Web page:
SportsPulse: USA TODAY Sports’ Adam Woodard talks with college basketball insiders Lindsay Schnell and Scott Gleeson for insight on the upcoming season.
USA TODAY Sports
CHICAGO — Prepare yourself, America, to meet Grayson Allen, protagonist of the 2017-18 college basketball season. We know that might be a hard one to swallow, given his history of tripping incidents and emotional meltdowns, not to mention the fact that he plays for Duke.
But the formerly villainous Allen, whose on-court behavior spawned countless memes over the course of his four-year college career, is no more. And if his performance Tuesday night at the Champions Classic in a 88-81 victory against No. 2 Michigan State is any indication, that caricature is about to be replaced by someone who we are far more likely to be talking about in March as the national player of the year.
“I felt like I was coaching (J.J.) Redick,” Duke’s Mike Krzyzewski said after watching Allen score 37 points against the Spartans. “You keep calling plays for him and they work. Grayson was fantastic tonight. Come on. He wasn’t good, he was fantastic.”
That was no exaggeration. On a night where multiple executives from every NBA team gathered in Chicago to watch a game featuring five potential first-round picks, Allen controlled everything, ultimately making 7-for-11 from three-point range from a variety of odd angles and distances, including a 26-footer to beat the buzzer before halftime. Even in a year where No. 1 Duke will rely so heavily on its freshmen to chase Krzyzewski’s sixth national title, Tuesday was a reminder that Allen is the kind of older, mature difference-maker who will make all the difference in March.
And yes, mature is now a word you can seemingly use with Allen, who was stripped of his team captaincy and suspended for a game last season after a series of incidents in which it seemed like he was deliberately tripping opponents.
But for all the grief he took — pretty much all of which was deserved — it’s worth remembering one thing about Allen. When it’s only about the basketball, he’s always been an awesome college player. And now as a senior, he might be an even better version of that.
“He’s unbelievable,” sophomore forward Javin DeLaurier said. “He’s played at an unreal level all summer, all preseason. He’s always been a problem as long as I’ve been here. I think he’s now at his best.”
If there was any doubt that Duke start this season with the nation’s most gifted team, it was erased watching the Blue Devils pull away from Michigan State late despite getting only 10 minutes out of freshman Marvin Bagley, III, who was poked in the eye going for a rebound and didn’t return.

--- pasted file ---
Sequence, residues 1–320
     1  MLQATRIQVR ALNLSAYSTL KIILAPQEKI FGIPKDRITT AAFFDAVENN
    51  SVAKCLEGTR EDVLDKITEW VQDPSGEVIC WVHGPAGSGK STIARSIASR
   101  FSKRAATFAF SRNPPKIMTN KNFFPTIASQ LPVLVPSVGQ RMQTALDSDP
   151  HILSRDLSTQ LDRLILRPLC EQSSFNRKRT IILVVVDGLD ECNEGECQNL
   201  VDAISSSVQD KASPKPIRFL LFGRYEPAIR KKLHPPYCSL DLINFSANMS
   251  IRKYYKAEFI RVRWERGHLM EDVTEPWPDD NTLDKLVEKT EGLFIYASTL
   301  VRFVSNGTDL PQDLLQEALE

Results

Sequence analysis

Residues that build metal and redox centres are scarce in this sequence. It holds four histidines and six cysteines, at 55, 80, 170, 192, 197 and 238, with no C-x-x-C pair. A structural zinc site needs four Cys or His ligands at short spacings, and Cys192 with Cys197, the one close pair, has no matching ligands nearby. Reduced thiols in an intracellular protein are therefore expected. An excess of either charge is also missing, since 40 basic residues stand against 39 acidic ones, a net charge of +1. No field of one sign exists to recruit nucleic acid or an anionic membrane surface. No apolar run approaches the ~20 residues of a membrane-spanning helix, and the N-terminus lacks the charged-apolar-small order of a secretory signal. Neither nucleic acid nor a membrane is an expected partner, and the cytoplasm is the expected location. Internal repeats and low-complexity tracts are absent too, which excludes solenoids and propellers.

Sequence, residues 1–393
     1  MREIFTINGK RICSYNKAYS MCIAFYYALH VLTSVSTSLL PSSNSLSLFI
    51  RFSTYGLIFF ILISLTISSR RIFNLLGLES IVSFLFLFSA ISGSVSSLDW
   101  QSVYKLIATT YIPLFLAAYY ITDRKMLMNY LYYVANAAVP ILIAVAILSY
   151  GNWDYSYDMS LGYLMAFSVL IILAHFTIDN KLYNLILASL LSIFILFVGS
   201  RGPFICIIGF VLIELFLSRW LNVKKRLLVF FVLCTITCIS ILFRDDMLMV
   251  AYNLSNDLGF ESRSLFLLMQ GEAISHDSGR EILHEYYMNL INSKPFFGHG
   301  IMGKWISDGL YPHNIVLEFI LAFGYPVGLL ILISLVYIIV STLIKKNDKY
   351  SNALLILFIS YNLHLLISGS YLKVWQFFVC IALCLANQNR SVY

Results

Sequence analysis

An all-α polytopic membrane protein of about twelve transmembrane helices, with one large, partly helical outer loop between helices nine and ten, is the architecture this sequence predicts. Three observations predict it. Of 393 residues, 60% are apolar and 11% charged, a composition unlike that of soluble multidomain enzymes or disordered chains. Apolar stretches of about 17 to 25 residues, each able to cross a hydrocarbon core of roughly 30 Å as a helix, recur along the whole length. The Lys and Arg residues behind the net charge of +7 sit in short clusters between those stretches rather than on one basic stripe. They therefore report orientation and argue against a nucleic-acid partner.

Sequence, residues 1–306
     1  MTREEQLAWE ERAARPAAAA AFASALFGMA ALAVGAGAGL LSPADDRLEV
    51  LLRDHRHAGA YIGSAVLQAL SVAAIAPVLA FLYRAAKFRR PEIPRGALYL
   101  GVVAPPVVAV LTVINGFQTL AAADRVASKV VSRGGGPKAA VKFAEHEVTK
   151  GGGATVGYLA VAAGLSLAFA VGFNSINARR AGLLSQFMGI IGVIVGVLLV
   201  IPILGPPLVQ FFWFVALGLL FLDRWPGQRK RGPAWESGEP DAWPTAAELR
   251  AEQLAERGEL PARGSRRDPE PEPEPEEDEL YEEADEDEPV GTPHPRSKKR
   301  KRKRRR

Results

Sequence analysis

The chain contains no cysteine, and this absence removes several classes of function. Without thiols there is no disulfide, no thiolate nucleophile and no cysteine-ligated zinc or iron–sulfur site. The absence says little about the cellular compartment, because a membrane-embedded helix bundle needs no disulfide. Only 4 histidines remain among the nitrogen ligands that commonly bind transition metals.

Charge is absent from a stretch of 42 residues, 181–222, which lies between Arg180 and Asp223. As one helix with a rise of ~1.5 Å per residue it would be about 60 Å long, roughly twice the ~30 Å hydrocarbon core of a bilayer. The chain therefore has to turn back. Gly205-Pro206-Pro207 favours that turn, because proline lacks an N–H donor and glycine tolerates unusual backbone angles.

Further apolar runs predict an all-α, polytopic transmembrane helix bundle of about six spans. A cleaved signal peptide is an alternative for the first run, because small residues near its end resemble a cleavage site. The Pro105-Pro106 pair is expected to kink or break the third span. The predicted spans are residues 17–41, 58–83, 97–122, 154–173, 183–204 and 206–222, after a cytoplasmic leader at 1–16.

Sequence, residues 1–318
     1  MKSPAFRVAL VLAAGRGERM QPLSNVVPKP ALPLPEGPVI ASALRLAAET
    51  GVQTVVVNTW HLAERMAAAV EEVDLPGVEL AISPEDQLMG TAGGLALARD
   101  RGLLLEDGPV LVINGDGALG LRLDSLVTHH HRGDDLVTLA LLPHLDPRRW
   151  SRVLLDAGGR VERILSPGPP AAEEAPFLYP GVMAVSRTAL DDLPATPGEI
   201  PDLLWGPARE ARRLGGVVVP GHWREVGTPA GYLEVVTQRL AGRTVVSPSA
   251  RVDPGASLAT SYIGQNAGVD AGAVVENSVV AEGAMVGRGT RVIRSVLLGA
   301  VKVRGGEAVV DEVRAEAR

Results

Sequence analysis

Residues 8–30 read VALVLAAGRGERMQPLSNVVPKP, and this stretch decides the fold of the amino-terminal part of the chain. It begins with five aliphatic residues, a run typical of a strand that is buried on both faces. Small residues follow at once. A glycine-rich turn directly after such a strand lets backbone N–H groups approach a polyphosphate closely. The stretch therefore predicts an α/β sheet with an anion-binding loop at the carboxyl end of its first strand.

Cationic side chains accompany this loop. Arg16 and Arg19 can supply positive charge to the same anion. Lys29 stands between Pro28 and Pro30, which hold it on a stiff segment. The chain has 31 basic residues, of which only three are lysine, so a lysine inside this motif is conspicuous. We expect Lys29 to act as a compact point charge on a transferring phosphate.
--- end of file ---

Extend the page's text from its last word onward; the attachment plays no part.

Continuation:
Krzyzewski calls Bagley “our most talented player,” and at some point we’ll see how that makes the Blue Devils even scarier than they looked without him.
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But the last couple Final Fours have showed that the trend in college basketball has been toward older teams advancing in March. Even Duke last season, while talented enough with first-round draft picks Jayson Tatum, Luke Kennard and Harry Giles to get a No. 2 seed in the NCAA tournament, fizzled out in the second round.
That’s why it will be such a luxury for Krzyzewski to have an older player with this group who, while not necessarily a vocal leader, will make clutch shots when the moments get really big.
“He’s not a good shooter, he’s a great shooter,” Krzyzewski said.
He’s also a healthy shooter, which wasn’t the case last year. In addition to playing under significant scrutiny, Allen also battled a foot injury, which contributed to his drop from 21.6 points per game as a sophomore to 14.5 as a junior.
“I never come into a game like I’m going to take over,” he said. “It helps when you get a few easy ones. When I get a few open looks, the basket gets bigger.”
Though Allen is never going to stop being a fiery player, there was nothing egregious or over-the-top against Michigan State. Even in practice, Krzyzewski said he’s calmed down and learned that he can’t play with reckless abandon all the time and risk injury.
“I’ve played in 90 more games than the four teammates that are out there with me so I feel a little more comfortable and calm and confident out there,” Allen said. “Watching a lot of film of me my last two years, a lot of times it’s good to go 100 miles an hour but it’s also good to slow it down a few times. That’s the adjustment I’ve tried to make.”
There’s still a long season ahead for Duke, and it’s impossible to say whether controversy will find Allen at some point. But the early returns suggest the talk about his maturity is more than lip service.
And if that’s the case, America will eventually fall back in love with the kid who came off the bench as a freshman in the national championship game against Wisconsin and wowed everyone with his athleticism and confidence on the biggest stage possible.
Though Allen spent the two subsequent years making himself into a villain, it feels like a corner has been turned. When it’s just about putting the ball in the hoop rather than all the other antics, he showed Tuesday there’s nobody more fun to watch.